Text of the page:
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Kosmos 356

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Kosmos 356

Kosmos 356
Mission type Magnetospheric
COSPAR ID 1970-059A
Spacecraft properties
Spacecraft type DS-U2-MG
Manufacturer Yuzhnoye
Launch mass 357 kilograms (787 lb)[1]
Start of mission
Launch date 10 August 1970, 19:59:55 (1970-08-10T19:59:55Z) UTC
Rocket Kosmos-2I 63SM
Launch site Plesetsk 133/1
End of mission
Decay date Did not recognize date. Try slightly modifying the date in the first parameter.
Orbital parameters
Reference system Geocentric
Regime Low Earth
Perigee 226 kilometres (140 mi)
Apogee 548 kilometres (341 mi)
Inclination 81.9 degrees
Period 92.3 minutes

Kosmos 356 (Russian: Космос 356 meaning Cosmos 356), also known as DS-U2-MG No.2, was a Soviet satellite which was launched in 1970 as part of the Dnepropetrovsk Sputnik programme. It was a 357-kilogram (787 lb) spacecraft,[1] which was built by the Yuzhnoye Design Bureau, and was used to investigate the magnetic poles of the Earth.[1]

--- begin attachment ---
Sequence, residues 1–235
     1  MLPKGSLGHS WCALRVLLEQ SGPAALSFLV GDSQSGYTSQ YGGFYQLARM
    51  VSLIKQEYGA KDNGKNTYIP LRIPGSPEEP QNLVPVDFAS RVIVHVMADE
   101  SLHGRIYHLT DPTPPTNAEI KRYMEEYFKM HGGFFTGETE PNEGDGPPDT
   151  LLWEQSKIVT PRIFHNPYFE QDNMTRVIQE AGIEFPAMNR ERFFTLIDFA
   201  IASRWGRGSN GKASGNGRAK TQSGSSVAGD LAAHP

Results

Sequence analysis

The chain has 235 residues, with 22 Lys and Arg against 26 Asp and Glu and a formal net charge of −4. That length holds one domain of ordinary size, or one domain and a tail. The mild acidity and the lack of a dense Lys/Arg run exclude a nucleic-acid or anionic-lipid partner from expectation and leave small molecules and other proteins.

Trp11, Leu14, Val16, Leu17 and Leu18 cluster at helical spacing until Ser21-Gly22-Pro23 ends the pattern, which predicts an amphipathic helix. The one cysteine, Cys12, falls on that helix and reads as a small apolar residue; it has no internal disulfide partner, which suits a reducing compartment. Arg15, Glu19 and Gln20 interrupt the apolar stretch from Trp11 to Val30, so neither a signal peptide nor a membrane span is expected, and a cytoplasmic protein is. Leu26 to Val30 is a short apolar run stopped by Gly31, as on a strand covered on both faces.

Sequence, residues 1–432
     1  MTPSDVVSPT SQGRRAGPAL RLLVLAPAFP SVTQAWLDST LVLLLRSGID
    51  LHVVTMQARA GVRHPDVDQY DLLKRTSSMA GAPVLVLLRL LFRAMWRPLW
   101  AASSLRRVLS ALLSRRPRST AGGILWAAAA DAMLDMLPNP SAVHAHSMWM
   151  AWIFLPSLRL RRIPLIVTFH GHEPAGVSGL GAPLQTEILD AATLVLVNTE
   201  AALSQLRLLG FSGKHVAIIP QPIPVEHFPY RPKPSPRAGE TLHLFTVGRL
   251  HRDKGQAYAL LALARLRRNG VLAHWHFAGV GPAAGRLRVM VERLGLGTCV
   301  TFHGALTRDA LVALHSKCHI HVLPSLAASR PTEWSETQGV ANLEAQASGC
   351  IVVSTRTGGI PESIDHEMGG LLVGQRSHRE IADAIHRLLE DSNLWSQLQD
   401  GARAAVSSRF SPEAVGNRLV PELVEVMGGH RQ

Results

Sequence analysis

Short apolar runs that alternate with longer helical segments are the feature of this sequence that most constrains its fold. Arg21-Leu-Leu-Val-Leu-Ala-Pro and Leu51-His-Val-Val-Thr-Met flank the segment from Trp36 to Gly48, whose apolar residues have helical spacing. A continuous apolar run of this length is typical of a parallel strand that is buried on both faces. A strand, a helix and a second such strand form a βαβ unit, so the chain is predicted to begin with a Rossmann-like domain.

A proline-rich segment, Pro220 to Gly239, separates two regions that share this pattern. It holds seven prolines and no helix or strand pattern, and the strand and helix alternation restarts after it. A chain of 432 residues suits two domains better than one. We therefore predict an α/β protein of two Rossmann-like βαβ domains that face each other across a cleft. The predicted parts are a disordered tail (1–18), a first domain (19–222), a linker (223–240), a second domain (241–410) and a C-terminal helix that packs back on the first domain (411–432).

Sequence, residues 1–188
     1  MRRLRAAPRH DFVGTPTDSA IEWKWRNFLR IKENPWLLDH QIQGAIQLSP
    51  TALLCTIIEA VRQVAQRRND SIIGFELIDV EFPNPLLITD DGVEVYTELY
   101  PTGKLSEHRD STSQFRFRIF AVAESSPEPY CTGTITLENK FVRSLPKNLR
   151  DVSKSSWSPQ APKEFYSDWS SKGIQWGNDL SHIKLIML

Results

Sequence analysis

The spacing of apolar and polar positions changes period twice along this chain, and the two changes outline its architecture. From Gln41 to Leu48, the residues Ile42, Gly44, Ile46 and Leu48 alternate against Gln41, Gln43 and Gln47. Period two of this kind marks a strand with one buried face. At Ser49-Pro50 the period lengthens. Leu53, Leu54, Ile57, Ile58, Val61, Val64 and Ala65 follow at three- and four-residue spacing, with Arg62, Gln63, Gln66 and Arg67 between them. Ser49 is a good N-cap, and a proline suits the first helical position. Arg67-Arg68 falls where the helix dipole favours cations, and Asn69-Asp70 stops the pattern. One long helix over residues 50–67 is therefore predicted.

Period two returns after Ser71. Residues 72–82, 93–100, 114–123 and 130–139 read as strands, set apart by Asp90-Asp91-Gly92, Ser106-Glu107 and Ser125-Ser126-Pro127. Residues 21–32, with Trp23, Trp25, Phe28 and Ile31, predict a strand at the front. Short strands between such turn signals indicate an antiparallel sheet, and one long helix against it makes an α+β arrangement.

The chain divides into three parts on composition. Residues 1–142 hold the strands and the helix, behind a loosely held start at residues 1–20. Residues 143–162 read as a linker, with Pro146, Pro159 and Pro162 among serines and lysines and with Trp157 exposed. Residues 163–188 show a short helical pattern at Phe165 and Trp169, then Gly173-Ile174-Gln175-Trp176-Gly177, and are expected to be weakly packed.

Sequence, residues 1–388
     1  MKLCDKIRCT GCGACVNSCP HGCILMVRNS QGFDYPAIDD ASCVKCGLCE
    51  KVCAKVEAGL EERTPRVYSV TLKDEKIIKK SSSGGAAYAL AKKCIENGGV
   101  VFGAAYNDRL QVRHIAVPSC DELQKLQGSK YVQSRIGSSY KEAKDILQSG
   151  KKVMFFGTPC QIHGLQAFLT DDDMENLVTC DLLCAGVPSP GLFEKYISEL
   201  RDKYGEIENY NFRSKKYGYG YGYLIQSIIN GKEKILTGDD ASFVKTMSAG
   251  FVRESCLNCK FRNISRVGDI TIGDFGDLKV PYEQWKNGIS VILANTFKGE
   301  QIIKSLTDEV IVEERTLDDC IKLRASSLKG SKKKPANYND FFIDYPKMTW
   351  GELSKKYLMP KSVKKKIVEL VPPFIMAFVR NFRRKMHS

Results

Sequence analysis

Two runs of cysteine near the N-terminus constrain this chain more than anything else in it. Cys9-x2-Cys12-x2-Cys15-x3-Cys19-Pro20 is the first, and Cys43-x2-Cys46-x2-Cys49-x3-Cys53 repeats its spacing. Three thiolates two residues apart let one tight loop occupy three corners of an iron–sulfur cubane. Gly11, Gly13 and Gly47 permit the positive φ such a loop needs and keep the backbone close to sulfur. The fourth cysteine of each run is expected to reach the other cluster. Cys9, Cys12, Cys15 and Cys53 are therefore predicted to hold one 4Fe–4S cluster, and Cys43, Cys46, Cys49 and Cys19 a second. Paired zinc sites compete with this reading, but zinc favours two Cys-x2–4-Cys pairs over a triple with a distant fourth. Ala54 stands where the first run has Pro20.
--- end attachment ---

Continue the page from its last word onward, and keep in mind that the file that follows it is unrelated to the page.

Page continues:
A Kosmos-2I 63SM carrier rocket was used to launch Kosmos 356 into low Earth orbit. The launch took place from Site 133/1 at the Plesetsk Cosmodrome.[2] The launch occurred at 19:59:55 UTC on 10 August 1970, and resulted in the successful insertion of the satellite into orbit.[3] Upon reaching orbit, the satellite was assigned its Kosmos designation, and received the International Designator 1970-059A.[4] The North American Aerospace Defense Command assigned it the catalogue number 04487.


Kosmos 356 was the second of two DS-U2-MG satellites to be launched, after Kosmos 321.[1][5] It was operated in an orbit with a perigee of 226 kilometres (140 mi), an apogee of 548 kilometres (341 mi), 81.9 degrees of inclination, and an orbital period of 92.3 minutes,[6] before decaying from orbit and reentering the atmosphere on 2 October 1970.[6]


  1. ^ a b c d Wade, Mark. "DS-U2-MG". Encyclopedia Astronautica. Retrieved 26 December 2009. 
  2. ^ McDowell, Jonathan. "Launch Log". Jonathan's Space Page. Retrieved 26 December 2009. 
  3. ^ Wade, Mark. "Kosmos 2". Encyclopedia Astronautica. Retrieved 26 December 2009. 
  4. ^ "Cosmos 356". NSSDC Master Catalog. US National Space Science Data Center. Retrieved 26 December 2009. 
  5. ^ Krebs, Gunter. "DS-U2-MG". Gunter's Space Page. Retrieved 26 December 2009. 
  6. ^ a b McDowell, Jonathan. "Satellite Catalog". Jonathan's Space Page. Retrieved 26 December 2009. 
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